The Water Council’s annual budget has grown to about $759,000 by 2012, its most recent federal tax form shows, and its membership has grown from an initial five members to more than 150 today, its website shows, which includes a broad range of business leaders, academics, local foundations and government leaders. However inflated the Milwaukee water hub’s reputation might be, its hard not to be impressed with how quickly it has grown. Indeed, Amhaus says the greatest challenge is “being able to keep up with expectations and requests for help. We’re getting more and more recognition.”

Should Milwaukee worry about the new efforts by Chicago? After all, the City of Big Shoulders crushed Milwaukee back in the 19th century, when the two cities competed for supremacy in the region.

“There’s always the chance that someone could try to outpace us,” Shafer says. “Chicago is much bigger. But with the foundation that’s been laid in Milwaukee, I think you will have countries from all over the world coming to Milwaukee and it’s going to be harder and harder for other areas to compete.”

Amhaus says the council has analyzed Chicagoland all the way into northwestern Indiana and has found there aren’t that many companies in water related work. “A lot of them are small companies and not necessarily manufacturing companies.”

It’s really not an issue of competition, Amhaus cooly notes, but about cooperation. “We want to bring the water council into that area. There may be exchanges with the University of Chicago.”

Indeed the Milwaukee Water Council has by now become so legendary that the Wisconsin Historical Society will hire a historian to be housed at the council’s headquarters. As a recent story in the invaluable publication Storm Water Solutions recounts, “It was decided that the significance of the water movement being spearheaded by The Water Council would one day be viewed as a part of Wisconsin’s history, and thus should be well documented now, while the individuals responsible for The Council are still around, and able to contribute to that process.”  What’s next, a movie starring Meeusen?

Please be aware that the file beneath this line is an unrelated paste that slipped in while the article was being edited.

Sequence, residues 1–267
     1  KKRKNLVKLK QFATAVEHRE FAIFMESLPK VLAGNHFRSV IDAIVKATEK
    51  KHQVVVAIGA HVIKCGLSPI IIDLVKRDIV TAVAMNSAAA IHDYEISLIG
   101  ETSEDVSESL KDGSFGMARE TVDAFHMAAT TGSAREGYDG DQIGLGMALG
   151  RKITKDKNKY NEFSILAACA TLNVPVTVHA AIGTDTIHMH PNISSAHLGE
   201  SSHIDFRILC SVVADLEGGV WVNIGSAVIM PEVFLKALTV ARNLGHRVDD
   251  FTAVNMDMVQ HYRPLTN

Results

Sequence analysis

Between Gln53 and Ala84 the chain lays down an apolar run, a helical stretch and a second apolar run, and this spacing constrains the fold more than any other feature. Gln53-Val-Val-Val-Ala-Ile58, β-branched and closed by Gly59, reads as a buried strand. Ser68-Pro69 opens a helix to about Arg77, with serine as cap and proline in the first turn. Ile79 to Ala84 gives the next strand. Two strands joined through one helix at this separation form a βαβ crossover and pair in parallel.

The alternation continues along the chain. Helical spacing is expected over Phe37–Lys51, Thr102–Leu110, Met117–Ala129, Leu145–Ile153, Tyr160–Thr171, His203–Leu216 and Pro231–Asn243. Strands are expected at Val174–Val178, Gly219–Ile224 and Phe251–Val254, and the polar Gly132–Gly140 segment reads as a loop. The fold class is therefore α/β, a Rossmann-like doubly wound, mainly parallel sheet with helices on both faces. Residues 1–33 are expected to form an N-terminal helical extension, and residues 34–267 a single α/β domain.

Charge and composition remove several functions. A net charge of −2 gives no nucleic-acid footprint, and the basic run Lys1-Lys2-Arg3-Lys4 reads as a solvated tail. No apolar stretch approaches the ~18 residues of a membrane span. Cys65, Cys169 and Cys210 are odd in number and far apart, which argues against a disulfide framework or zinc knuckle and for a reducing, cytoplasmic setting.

Update 4:25 pm January 6: Dean Amhaus forwarded me a list of 153 companies doing some work in water technology located within the Milwaukee Seven county area.  He notes that this does not include the Kohler Co., a major regional player just outside the M7 area.

Inside the Global Water Center

23 thoughts on “Murphy’s Law: Milwaukee’s Miraculous Water Hub”

  1. PMD says:

    Sometimes I’ve wondered what the reality behind the hoopla is. How many companies are there? How many full-time staff do they employ? What exactly do they do? What are the short and long-term results of what they do?

  2. Casey says:

    I’ve felt the same. I really hope this all turns out but currently all I see is hopes and a little development in Walkers Point. Is it possible? Absolutly! But I’m afraid we’re putting the cart before the horse. Let us know once the water sector directly employs a significant percentage of the metro working population.

  3. Dale says:

    Skeptics have their place, but curmudgeons are not helpful and I fear that (as usual) our town has more than our share. If you expect the water technology industry to need to be a huge area employer before it can be taken seriously, it’s time for a new yardstick. Look at silicon valley — an unrivaled, massive, mature technology hub, and depending on how one measures the “tech” sector and measures the metro area, “tech” jobs are probably 15-18% of total employment in the region. That’s remarkable, but even at this mature point roughly 5 out of 6 jobs is not in that sector. The water sector is a small but growing segment with incredible potential here, one in which we have some significant advantages, not the least of which are our early start and our reputation. Milwaukee constantly fights against a negative (rust belt) reputation, or more often against no reputation at all. To dismiss the work underway to capitalize on our advantages in this field — including our reputation — is a fine marker of what holds this town back again and again.

  4. Dave Reid says:

    @Dale I’d add that the Water initiative is on its way. I’m looking forward to new buildings and businesses going up in the Water Research Park starting in 2015!